OTTAWA — The Trudeau government’s superficial foreign policy hamstrung its diplomats and caused Canada’s defeat in the first round of voting for a seat on the United Nations Security Council, says the former Canadian ambassador who helped battle South African apartheid at the UN.
Stephen Lewis also dismissed Prime Minister Justin Trudeau’s day-after assessment on Thursday that Canada’s late start in campaigning for the temporary council seat was pivotal in its loss to Norway and Ireland on Wednesday.
Norway and Ireland declared their candidacies for the council several years before the Liberals were elected in 2015, after which Trudeau announced Canada’s intention to run.
The defeat of the Liberal government led by Trudeau followed a failed bid for a Security Council seat by the former Conservative government under Stephen Harper in 2010. Trudeau was highly critical of Harper’s foreign policy throughout the 2015 federal election campaign and declared “Canada is back” the day after he won.
Lewis and Mulroney worked together to lead Canada’s participation in the broader fight at the UN to eventually bring down the racist anti-Black Apartheid regime in South Africa.
On Thursday, Trudeau’s office marked the 30th anniversary of Nelson Mandela’s visit to Ottawa and his address to the joint session of Parliament. Mandela, who became South Africa’s first post-Apartheid president, was the first foreign leader to be granted honorary Canadian citizenship and the Order of Canada.
At a media briefing on Thursday, Trudeau was asked about Canada’s foreign-policy failure of the previous day.
“Obviously, we would have hoped for a different result yesterday,” Trudeau said.
Lewis, who was also a fierce critic of Harper’s foreign policy, dismissed Trudeau’s assessment as “nonsense.”
“Four years should be more than enough to secure the seat. If commitments to Norway and Ireland were earlier made, they would readily have been changed if we had something to offer,” said Lewis, adding that the government’s campaign platform hamstrung the current ambassador Marc-Andre Blanchard.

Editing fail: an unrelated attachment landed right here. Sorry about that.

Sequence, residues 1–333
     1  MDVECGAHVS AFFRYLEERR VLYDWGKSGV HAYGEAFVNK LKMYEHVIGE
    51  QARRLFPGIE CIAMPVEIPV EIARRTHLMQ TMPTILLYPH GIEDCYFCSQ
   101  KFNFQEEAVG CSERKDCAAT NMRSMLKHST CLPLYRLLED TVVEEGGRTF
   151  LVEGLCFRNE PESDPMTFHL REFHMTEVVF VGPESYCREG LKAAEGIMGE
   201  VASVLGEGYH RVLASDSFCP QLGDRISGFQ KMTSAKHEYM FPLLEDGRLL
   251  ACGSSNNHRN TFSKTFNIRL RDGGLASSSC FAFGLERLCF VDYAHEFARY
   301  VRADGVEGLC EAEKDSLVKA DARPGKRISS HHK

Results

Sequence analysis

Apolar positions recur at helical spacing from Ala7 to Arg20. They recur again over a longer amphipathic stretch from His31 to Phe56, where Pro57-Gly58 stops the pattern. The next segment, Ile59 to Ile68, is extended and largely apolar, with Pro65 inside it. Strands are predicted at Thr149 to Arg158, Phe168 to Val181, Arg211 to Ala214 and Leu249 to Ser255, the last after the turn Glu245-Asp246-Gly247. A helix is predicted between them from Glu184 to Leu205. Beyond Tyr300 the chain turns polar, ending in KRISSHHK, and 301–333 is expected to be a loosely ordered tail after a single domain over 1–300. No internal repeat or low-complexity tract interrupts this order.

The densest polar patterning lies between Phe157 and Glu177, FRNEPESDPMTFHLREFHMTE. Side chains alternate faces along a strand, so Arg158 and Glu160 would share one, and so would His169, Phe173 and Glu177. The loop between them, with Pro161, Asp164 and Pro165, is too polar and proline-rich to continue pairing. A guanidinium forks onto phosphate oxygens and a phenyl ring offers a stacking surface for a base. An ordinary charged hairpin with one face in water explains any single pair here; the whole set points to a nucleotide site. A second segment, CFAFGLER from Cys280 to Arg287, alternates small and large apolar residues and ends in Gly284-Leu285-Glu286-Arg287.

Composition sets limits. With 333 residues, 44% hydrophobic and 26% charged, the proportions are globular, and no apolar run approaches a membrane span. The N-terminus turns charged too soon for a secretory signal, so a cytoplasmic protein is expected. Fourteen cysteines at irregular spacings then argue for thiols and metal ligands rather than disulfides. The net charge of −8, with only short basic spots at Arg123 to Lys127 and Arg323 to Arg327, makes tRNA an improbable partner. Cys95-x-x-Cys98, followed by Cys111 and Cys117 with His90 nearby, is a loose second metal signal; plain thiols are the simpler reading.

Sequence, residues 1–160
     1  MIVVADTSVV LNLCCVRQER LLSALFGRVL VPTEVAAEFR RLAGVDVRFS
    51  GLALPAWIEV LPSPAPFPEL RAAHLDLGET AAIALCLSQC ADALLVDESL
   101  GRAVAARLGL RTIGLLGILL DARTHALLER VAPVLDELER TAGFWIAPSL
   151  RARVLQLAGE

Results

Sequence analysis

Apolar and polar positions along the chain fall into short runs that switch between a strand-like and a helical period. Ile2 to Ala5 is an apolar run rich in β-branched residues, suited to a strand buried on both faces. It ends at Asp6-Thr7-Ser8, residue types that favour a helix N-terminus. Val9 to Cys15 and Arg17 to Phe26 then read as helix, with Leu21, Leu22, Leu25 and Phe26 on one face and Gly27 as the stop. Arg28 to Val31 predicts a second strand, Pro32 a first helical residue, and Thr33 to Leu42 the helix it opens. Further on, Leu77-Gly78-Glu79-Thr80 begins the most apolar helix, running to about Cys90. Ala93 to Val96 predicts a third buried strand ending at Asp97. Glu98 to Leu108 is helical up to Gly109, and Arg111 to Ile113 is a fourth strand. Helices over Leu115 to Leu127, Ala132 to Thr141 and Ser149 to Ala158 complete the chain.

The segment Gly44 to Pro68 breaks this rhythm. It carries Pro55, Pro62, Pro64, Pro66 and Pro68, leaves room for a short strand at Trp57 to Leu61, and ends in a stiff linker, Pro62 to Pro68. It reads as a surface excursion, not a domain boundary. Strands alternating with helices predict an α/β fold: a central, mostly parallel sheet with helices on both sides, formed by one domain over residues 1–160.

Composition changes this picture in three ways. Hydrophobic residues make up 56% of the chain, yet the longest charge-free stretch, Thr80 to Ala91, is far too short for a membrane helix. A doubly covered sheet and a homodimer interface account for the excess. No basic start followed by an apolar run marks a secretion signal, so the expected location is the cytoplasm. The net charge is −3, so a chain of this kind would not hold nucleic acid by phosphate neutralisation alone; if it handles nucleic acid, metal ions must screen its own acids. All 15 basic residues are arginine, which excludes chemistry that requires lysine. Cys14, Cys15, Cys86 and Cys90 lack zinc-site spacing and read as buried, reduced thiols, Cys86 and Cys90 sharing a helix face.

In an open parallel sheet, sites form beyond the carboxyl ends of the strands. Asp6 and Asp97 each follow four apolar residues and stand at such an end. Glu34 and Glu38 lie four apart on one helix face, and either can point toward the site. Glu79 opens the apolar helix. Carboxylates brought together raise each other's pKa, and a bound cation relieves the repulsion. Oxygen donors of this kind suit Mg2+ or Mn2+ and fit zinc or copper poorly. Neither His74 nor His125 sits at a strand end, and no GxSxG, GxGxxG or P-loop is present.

“Blanchard was excellent, but he had nothing to work with,” said Lewis.
“The prime minister is just fine with rhetorical flourishes. But when it comes to concrete policy, there just isn’t any,” he added.
Michael Bociurkiw, a Canadian-born analyst who has worked abroad for the Organization for Security Co-operation in Europe and the United Nations Children’s Fund, said Wednesday’s loss was “humiliating” for Canada and for Trudeau personally.
“I think this also indicates the decline of influence of the Trudeau brand, possibly impacted by previous incidents such as the India state visit and the blackface revelations,” he said.
In recent months, Canada’s campaign focused heavily on what it has been doing in response to the COVID-19 pandemic.
That has included convening countries to bolster food security in developing countries, keeping vital supply chains open across the globe, and working on new financing models to help struggling countries whose economies have been badly damaged by the pandemic.
“I think there is a gap between what we say and what we do — on peacekeeping, on climate change, on the provision of official development assistance,” said Bociurkiw.
Lewis said foreign embassies in Ottawa regularly report Canada’s deficiencies in foreign policy back to their capitals. That includes low levels of international development spending and contributions to UN peacekeeping, and arms sales to Saudi Arabia.
“They know that we talk a good game on climate change but it’s all negated by our reverence for pipelines, not to mention that our per-capita discharge of carbon is twice that of Norway and Ireland,” said Lewis.
“They know that we have nothing of consequence to say about Syria or Afghanistan.”
Lewis said it was shocking that Canada under Trudeau received fewer votes — 108 — than the 114 Canada won in 2010 on the first ballot, under Harper. Canada needed 128 votes, or two-thirds of the voting members of the assembly. Norway won 130 and Ireland garnered 128.
Trudeau said he has called the leaders of Norway and Ireland “to congratulate them for a well-run campaign and commit to them that we were going to continue to work with them on all our shared values on the world stage.”
Canada’s first-ballot defeat wasn’t as resounding as it appeared, given that Norway and Ireland barely reached the 128-vote threshold, said Adam Chapnick, a professor at the Royal Military College of Canada and author of a recent book on the Security Council.
If either had fallen short, Canada could have proceeded to a second round of voting.
“This is, I believe, the closest we’ve ever seen two countries clear the two-thirds threshold on a first ballot,” he said. “I don’t think there’s been another election where four votes made the difference between no one coming out of the first round successfully, and two countries doing so.”
This report by The Canadian Press was first published June 18, 2020.
Mike Blanchfield, The Canadian Press